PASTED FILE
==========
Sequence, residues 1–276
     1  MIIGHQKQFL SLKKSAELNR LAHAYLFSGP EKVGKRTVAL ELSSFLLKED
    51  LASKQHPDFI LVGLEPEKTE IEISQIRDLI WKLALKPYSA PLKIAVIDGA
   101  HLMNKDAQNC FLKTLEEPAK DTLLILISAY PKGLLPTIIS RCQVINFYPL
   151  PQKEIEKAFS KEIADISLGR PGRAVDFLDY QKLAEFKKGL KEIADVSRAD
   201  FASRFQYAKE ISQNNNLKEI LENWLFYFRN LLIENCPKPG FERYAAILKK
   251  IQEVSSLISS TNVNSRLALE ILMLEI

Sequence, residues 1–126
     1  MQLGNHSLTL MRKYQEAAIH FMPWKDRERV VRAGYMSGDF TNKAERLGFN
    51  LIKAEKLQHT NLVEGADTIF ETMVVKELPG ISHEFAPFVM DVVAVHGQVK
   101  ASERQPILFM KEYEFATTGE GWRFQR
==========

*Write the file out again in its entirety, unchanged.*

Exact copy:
Sequence, residues 1–276
     1  MIIGHQKQFL SLKKSAELNR LAHAYLFSGP EKVGKRTVAL ELSSFLLKED
    51  LASKQHPDFI LVGLEPEKTE IEISQIRDLI WKLALKPYSA PLKIAVIDGA
   101  HLMNKDAQNC FLKTLEEPAK DTLLILISAY PKGLLPTIIS RCQVINFYPL
   151  PQKEIEKAFS KEIADISLGR PGRAVDFLDY QKLAEFKKGL KEIADVSRAD
   201  FASRFQYAKE ISQNNNLKEI LENWLFYFRN LLIENCPKPG FERYAAILKK
   251  IQEVSSLISS TNVNSRLALE ILMLEI

Sequence, residues 1–126
     1  MQLGNHSLTL MRKYQEAAIH FMPWKDRERV VRAGYMSGDF TNKAERLGFN
    51  LIKAEKLQHT NLVEGADTIF ETMVVKELPG ISHEFAPFVM DVVAVHGQVK
   101  ASERQPILFM KEYEFATTGE GWRFQR